After Asean Book Publishers Association meeting in Hanoi, I proceeded by air to Danang to visit the two World Heritage sites below.
Known as Faifo to early western traders, it was one of Southeast Asia’s major international ports from the 17th to 19th century. A contemporary of Macau and Melaka, it was an important port of call for Dutch, Portuguese, Chinese, Japanese and other trading vessels.
Vietnamese ships and sailors based in Hoi An sailed to all corners of Vietnam, as well as Thailand and Indonesia. It is a living museum as it showcases the lifestyle during the past.
Some of the building’s roofs are made up of thousands of brick-coloured am and duong (Yin and Yang) tiles – so called because of the way the alternating rows of concave and convex tiles fit snugly together.
A number of Hoi An houses have pieces of wood with an am and duong symbol in the middle surrounded by spiral design with doorway. These mat cua are supposed to protect the residents of the house from any harm.
In the afternoon, I visited My Son which is Vietnam’s most important centre of the ancient kingdom of Champa. It was an intellectual and religious centre, and it served as a burial place for Cham monarchs.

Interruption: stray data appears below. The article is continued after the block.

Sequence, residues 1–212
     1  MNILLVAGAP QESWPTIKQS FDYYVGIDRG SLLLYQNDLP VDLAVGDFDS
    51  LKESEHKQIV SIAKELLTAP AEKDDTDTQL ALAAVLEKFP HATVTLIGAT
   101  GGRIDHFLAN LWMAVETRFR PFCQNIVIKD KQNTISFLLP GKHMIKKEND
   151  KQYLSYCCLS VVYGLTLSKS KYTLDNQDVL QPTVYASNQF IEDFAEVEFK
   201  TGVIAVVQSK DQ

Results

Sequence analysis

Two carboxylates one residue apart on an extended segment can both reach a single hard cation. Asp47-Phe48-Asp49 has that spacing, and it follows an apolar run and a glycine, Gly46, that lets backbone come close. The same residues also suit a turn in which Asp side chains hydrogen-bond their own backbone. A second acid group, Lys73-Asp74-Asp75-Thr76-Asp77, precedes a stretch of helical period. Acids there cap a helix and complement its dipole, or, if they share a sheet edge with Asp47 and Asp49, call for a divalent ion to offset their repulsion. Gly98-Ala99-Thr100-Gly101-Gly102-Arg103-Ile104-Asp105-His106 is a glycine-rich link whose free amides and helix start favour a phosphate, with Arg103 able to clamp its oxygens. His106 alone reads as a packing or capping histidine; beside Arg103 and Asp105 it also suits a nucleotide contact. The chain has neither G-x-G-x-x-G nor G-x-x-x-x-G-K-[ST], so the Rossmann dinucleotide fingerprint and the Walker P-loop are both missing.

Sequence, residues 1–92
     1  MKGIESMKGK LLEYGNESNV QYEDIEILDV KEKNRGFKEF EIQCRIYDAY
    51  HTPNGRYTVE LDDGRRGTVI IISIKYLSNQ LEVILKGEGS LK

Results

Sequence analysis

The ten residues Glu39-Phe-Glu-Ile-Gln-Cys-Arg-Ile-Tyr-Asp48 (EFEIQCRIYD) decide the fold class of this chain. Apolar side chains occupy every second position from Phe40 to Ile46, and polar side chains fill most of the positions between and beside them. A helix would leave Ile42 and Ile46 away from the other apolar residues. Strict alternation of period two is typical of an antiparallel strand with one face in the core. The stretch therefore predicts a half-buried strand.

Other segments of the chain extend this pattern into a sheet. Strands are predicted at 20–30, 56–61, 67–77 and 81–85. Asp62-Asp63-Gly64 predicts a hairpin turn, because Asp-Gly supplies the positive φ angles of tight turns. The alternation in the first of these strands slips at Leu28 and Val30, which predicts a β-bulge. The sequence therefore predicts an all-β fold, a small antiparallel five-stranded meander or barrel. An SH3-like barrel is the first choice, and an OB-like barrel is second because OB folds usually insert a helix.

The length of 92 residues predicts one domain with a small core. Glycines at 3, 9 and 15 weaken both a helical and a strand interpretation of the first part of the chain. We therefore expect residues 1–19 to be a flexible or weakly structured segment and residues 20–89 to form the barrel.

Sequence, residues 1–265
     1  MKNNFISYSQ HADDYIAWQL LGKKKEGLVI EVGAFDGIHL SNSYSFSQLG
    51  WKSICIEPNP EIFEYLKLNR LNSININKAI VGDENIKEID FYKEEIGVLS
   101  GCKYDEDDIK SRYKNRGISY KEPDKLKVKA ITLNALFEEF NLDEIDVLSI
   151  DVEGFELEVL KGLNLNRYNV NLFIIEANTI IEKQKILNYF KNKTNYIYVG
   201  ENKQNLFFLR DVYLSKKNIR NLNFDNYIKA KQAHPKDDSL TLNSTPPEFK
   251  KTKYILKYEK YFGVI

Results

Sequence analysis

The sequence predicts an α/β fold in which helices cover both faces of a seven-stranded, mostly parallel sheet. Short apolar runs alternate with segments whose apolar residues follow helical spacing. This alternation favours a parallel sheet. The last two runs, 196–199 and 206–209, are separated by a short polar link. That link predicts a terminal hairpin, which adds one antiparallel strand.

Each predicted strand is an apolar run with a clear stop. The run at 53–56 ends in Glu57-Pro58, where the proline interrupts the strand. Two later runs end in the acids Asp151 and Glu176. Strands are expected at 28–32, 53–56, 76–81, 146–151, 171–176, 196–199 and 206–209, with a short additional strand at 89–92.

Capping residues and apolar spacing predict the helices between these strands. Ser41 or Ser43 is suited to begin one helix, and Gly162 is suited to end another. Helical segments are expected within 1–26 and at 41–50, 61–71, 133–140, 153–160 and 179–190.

It is a smaller counterpart of Angkor (Cambodia), Ayuthaya (Thailand), Bagan (Myanmar) and Borobudur (Java).
It became a religion centre under King Bhadravarman in the late 4th century until the 13th century, the longest period of development of any monument in Southeast Asia. Most of the temples were dedicated to Cham kings associated with divinities, particularly Shiva, who was regarded as the founder and protector of Champs dynasties.
Champa’s contact with Java was extensive. Cham scholars were sent to Java to study and there was a great deal of commerce between two empires. Cham pottery has been found on Java and, in the 12th century, Cham king wed a Javanese woman.
Thank you, Lord, for allowing me to see these places.